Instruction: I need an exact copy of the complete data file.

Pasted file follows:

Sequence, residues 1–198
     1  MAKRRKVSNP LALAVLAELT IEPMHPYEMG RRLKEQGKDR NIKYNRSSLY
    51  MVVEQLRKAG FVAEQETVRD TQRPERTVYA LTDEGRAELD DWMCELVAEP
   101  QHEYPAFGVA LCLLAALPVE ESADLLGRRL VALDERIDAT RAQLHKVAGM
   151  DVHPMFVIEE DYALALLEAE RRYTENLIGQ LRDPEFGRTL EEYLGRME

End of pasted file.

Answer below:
Sequence, residues 1–198
     1  MAKRRKVSNP LALAVLAELT IEPMHPYEMG RRLKEQGKDR NIKYNRSSLY
    51  MVVEQLRKAG FVAEQETVRD TQRPERTVYA LTDEGRAELD DWMCELVAEP
   101  QHEYPAFGVA LCLLAALPVE ESADLLGRRL VALDERIDAT RAQLHKVAGM
   151  DVHPMFVIEE DYALALLEAE RRYTENLIGQ LRDPEFGRTL EEYLGRME